4. 4. Mesh stiffness calculation using an accumulated integral potential energy method and dynamic analysis of helical • Pages 447-463 •Zhiguo Wan, Hongrui Cao, Yanyang Zi, Wangpeng He, Yimin Chen Abstract As one of the most important dynamic excitation sources, the gear time-varying mesh stiffness is the key parameter of gear system dynamic model. So how to calculate the gear mesh stiffness accurately is of great importance. In this paper, an accumulated integral potential energy method is proposed to calculate the mesh stiffness of helical gears. Compared with the finite element model (FEM) and the ISO standard, the proposed analytical method is verified as its results agree well with the others'. Meanwhile the effects of different helical gears parameters (e.g., helix angle, normal module) on mesh stiffness are studied. The results show that the fluctuation degree of mesh stiffness becomes smaller as helix angle or face width increases, by contrast the influence of normal module on the mesh stiffness shows an opposite trend. Furthermore, the mesh stiffness reduction of helical gears due to the tooth crack is quantified. Finally, a dynamic model of helical gear transmission is established to study the vibration characteristics of helical gears. The results show that the mesh stiffness plays a vital role in controlling the vibration of helical gears and has a significant effect on the vibration characteristic of helical gears with tooth crack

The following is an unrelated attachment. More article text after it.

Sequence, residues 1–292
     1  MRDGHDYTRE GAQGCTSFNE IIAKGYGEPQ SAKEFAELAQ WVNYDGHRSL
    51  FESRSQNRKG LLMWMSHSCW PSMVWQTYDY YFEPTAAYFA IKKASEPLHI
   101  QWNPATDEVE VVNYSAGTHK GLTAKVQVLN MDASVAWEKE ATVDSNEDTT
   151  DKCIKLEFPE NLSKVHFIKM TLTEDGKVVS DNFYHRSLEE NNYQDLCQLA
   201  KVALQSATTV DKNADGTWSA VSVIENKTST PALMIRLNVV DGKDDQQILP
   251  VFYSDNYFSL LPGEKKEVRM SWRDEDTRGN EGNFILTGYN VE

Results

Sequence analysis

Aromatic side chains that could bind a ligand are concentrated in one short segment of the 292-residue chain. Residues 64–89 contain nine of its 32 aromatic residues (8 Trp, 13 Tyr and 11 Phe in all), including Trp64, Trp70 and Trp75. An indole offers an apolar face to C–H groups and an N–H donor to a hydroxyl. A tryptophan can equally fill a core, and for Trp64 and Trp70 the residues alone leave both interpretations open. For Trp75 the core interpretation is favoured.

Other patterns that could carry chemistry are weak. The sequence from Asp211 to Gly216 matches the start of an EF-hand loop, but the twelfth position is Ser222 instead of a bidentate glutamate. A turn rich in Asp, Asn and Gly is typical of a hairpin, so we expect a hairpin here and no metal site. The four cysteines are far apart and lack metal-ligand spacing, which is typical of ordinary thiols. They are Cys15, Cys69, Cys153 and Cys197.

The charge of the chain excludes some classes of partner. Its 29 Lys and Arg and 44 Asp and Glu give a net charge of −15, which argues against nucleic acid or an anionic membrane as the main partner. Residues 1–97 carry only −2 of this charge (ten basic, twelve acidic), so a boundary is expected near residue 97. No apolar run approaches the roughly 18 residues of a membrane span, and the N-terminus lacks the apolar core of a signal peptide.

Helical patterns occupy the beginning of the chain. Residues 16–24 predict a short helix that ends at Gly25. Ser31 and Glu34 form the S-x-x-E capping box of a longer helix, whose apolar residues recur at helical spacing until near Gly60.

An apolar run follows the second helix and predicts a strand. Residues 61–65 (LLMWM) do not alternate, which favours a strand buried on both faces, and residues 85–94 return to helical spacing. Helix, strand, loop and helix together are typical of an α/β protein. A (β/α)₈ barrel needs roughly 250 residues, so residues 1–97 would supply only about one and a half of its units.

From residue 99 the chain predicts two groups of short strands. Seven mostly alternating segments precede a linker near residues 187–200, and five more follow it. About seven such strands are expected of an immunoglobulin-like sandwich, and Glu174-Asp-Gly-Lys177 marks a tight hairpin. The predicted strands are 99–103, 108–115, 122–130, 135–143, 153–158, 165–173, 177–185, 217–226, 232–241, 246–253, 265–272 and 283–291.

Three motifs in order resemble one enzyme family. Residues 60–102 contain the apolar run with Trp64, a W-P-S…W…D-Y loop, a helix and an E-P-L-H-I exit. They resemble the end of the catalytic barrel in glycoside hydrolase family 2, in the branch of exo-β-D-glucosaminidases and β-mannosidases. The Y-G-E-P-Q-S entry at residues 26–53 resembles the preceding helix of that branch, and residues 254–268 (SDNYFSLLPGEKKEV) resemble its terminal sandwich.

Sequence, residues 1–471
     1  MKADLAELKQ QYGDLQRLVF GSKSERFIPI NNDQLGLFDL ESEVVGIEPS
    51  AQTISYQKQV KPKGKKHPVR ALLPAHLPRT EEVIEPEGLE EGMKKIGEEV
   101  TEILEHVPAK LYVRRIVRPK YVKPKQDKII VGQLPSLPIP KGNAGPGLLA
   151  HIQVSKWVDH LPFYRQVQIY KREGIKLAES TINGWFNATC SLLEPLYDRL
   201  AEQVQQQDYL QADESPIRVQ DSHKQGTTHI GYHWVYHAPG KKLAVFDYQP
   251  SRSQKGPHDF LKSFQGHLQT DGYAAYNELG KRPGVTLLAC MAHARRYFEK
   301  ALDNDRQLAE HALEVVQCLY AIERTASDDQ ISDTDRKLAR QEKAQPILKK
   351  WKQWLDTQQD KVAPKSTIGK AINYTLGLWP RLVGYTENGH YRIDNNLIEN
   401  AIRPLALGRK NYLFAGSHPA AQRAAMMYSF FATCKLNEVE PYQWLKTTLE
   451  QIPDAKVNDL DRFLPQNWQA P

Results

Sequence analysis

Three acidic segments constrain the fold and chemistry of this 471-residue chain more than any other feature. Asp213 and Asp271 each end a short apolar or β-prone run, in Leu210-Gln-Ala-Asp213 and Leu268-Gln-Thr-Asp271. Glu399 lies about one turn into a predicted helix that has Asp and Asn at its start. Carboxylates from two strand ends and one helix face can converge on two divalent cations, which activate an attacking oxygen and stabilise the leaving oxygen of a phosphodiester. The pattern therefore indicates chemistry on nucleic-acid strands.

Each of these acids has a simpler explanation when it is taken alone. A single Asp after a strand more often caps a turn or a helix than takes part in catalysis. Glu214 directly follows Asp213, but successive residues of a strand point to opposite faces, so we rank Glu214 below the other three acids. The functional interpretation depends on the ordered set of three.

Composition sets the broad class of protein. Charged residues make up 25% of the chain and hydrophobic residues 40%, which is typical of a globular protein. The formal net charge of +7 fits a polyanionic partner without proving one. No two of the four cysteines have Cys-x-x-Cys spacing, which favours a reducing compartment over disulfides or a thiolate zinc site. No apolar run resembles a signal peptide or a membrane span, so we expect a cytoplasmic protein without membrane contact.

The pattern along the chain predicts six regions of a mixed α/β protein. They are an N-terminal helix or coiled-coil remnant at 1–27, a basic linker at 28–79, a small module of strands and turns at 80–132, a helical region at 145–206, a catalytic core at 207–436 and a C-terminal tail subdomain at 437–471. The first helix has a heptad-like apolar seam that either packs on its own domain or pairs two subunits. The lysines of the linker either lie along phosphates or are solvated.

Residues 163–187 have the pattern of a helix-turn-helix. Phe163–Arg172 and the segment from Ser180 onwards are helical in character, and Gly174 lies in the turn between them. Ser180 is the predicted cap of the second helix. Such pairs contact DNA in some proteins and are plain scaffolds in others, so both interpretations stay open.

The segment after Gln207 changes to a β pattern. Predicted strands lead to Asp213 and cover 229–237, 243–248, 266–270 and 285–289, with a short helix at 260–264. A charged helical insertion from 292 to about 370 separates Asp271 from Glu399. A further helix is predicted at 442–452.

5. 5. •Method for remanufacturing large-sized skew bevel gears using CNC machining center •Pages 213-229 •Kazumasa Kawasaki, Isamu Tsuji, Hiroshi Gunbara, Haruo Houjoh Abstract A method for remanufacturing pinion member of large-sized skew bevel gears using a CNC machining center and respecting an existing gear member is proposed. For this study, first the tooth surface forms of skew bevel gears are modeled mathematically. Next, the real tooth surfaces of the existing gear member are measured using a coordinate measuring machine and the deviations between the real and theoretical tooth surface forms are formalized using polynomial expression. Moreover, the tooth contact pattern and transmission errors reflecting the deviations of the tooth surface forms of the gear member are analyzed, and the tooth surface form of the pinion member that has good performance mating with the existing gear member is designed. The pinion member was remanufactured by swarf cutting using a CNC machining center. The gear member is also remanufactured using this method in order to apply to the case where pinion member exists in reverse or both gear and pinion members do not exist. The tooth surface form deviations were detected, and the experimental tooth contact pattern of the pinion and gear members was compared with analytical one. The results showed good agreement.